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Jonathan Neil, director of Sotheby’s Institute of Art-Los Angeles and Kibum Kim, head of SIA-LA’s Art Business MA program, recently sat down to discuss the challenges, benefits, and predictions for the future of art fairs in Los Angeles—from the city’s geography to Hollywood. Here is an excerpt from that conversation.

For the full discussion on contemporary art in LA, covering topics from street art to private museums, watch the video.

Neil: One of the things the landscape of LA leads us toward is how people connect with the visual arts. Apart from the museums, things like art fairs have become even more important. Just this past January we had ALAC (Art Los Angeles Contemporary). The LA Art Show was also in January. There have been plans for other art fairs—Platform, Paris Photo, Paramount Ranch—there are frequent attempts at new things. Yet it seems like LA is a place that art fairs haven’t been able to make a real stand.

Kim: Frieze, one of the great global stalwarts of the art fair circuit is exploring a version here*—planning for next January around ALAC. There’s a lot of challenges. Despite the growth in the contemporary art scene, LA doesn't have the same collector base to support a major art fair, where on the opening day there are hundreds of millions of dollars in transactions.

This is an opportunity for the art fair model to be rethought. For example, Art Basel Miami Beach doesn’t depend on the local collector base, but relies on people traveling. The appeal of LA especially with Europeans cannot be understated. Another excuse following Miami Basel to escape the cold and spend time with palm trees is compelling.

We can’t forget that one of the main investors in Frieze is William Morris, of the Hollywood talent agencies. I can imagine any kind of art fair that they plan here will rethink the fair model, and bring more of that Hollywood spectacle and glamour into the fair venue.

Neil: Hollywood and the agencies seem to be playing a bigger role in the visual arts here than you see in other places. That could have a larger impact in the way that people see and deal with art in LA. If Frieze is to rethink the fair model, will they rethink content that will draw a bigger audience by bringing in celebrities, entertainers, or music to drive a different kind of traffic? Or not front load the fair so much on opening hours of the preview? I can see it running a little bit longer, giving people more time to spend in the city and fair environment with other things also going on.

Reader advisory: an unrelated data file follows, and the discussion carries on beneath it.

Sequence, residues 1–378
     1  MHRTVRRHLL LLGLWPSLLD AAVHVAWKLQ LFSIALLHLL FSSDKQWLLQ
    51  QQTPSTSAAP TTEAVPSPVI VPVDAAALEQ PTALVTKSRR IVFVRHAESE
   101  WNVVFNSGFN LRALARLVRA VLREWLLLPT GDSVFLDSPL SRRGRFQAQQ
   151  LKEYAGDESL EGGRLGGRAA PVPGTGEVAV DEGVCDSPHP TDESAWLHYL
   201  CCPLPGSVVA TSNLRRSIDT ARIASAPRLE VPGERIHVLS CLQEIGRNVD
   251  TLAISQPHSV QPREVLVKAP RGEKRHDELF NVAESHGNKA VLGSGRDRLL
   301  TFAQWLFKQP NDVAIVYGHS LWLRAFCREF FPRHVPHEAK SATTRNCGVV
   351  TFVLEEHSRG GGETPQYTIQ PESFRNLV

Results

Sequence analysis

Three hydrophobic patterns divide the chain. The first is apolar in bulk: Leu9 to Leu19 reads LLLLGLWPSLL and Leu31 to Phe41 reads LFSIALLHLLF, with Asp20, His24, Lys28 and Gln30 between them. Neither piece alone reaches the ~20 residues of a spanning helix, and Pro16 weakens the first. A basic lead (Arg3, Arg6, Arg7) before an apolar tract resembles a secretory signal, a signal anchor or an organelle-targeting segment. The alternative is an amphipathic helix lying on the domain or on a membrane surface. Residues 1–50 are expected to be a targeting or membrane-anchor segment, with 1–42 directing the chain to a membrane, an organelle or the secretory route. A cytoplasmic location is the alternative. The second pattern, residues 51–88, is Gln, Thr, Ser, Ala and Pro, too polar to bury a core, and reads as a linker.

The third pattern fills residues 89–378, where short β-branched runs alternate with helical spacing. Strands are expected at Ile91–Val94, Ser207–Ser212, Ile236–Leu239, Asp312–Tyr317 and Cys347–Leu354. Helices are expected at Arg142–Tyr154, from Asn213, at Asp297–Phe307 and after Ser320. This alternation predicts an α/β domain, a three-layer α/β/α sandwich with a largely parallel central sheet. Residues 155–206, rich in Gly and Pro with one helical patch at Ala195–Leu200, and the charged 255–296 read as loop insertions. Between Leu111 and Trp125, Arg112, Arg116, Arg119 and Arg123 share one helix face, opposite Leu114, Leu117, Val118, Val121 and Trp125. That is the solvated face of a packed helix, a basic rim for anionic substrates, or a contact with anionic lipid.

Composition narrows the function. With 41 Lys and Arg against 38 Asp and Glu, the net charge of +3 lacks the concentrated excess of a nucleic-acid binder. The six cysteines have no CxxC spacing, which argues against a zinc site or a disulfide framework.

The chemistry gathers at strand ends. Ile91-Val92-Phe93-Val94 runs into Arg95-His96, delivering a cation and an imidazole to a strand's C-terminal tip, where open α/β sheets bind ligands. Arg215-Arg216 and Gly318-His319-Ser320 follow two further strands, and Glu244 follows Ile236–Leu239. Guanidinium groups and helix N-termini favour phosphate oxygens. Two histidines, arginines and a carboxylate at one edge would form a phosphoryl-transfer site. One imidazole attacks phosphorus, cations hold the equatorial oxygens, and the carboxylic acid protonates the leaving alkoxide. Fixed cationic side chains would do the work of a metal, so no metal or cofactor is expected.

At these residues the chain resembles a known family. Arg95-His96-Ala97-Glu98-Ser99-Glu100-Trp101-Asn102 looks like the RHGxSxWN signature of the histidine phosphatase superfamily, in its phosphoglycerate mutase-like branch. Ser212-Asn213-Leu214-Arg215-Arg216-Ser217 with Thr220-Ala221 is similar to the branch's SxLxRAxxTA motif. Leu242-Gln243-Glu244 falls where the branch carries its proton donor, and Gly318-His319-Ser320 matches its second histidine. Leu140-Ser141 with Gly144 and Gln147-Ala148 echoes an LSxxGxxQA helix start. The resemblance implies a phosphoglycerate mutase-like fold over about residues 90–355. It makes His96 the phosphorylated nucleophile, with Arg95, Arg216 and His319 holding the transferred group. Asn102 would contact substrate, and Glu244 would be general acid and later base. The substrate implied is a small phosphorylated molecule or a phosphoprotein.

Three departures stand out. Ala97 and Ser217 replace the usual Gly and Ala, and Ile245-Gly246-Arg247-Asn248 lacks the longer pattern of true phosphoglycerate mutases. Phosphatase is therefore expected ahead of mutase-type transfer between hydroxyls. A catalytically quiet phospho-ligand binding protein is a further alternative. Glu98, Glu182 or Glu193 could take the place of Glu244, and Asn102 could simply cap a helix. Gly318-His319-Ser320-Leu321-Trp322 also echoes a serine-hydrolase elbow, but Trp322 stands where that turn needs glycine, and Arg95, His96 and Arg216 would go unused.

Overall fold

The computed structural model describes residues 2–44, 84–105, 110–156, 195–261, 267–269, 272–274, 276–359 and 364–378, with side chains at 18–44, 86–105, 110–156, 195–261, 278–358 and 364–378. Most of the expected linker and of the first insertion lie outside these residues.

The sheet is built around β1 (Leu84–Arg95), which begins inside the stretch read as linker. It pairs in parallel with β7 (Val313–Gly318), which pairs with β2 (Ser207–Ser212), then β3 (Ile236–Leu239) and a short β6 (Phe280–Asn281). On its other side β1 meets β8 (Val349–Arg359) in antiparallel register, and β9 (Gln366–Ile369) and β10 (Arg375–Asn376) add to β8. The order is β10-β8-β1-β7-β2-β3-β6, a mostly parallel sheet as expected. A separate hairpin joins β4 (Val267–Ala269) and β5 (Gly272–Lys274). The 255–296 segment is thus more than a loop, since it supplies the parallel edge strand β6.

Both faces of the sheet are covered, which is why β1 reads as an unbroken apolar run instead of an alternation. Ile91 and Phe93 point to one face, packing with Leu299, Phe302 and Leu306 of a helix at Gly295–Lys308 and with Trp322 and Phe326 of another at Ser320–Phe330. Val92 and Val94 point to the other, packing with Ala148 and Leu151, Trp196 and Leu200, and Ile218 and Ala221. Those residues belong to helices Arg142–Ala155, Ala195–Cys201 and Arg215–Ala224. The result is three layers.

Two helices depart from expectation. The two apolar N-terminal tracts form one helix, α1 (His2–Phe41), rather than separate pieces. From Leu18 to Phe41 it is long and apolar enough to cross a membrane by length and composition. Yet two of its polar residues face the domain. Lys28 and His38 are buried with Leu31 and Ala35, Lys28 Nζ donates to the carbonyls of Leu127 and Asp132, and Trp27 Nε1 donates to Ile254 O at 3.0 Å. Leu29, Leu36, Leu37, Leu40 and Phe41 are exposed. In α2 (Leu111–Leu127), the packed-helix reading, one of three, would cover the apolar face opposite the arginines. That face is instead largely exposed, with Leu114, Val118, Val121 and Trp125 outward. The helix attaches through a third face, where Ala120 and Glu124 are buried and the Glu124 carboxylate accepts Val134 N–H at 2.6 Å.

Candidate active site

Kim: Yes, I can imagine more ancillary activities, involving more Hollywood-style events.

Neil: There are many people who look at the intersection of entertainment and contemporary art as a kind of contradiction or a bad mixture, an infiltration of the lesser portions of the mass market into the elite precincts of the contemporary art world. Do you think we will see that sort of resistance?

Kim: We are living through a time—and this is why there’s such excitement and growth in the contemporary art world—that contemporary art engages with and enters the mass consciousness. For better or worse, that also means engaging with the mass market. I think there are smarter, more rigorous and compelling ways to intersect with entertainment, fashion, and what have you. I think we’re seeing a lot of growing pains. We have the Hollywood agency UTA that has made a very active and explicit push into activities around contemporary art. They have a gallery not far from here in Boyle Heights. If Frieze, collaborating with William Morris, does a fair here, I would be surprised if they didn’t incorporate more of that kind of content.

*Update: On February 22, 2018, Frieze announced its inaugural LA edition for for mid-February 2019. As Neil and Kim predicted in their discussion, Frieze appears to be adapting to the local conditions of the art market and veering from its traditional major fair format: Frieze LA promises to present a more boutique, targeted fair experience with around 60 participants, perhaps taking a cue from the FOG Design+Art fair in San Francisco, which has been lauded for its high quality in gallery roster, exhibited art, and visitor experience.

Learn more about the MA degrees offered at Sotheby’s Institute of Art-Los Angeles in Art Business, Arts Management, and interfield degrees in Art Business + Fine Art or Art Business + Information Systems and Technology.

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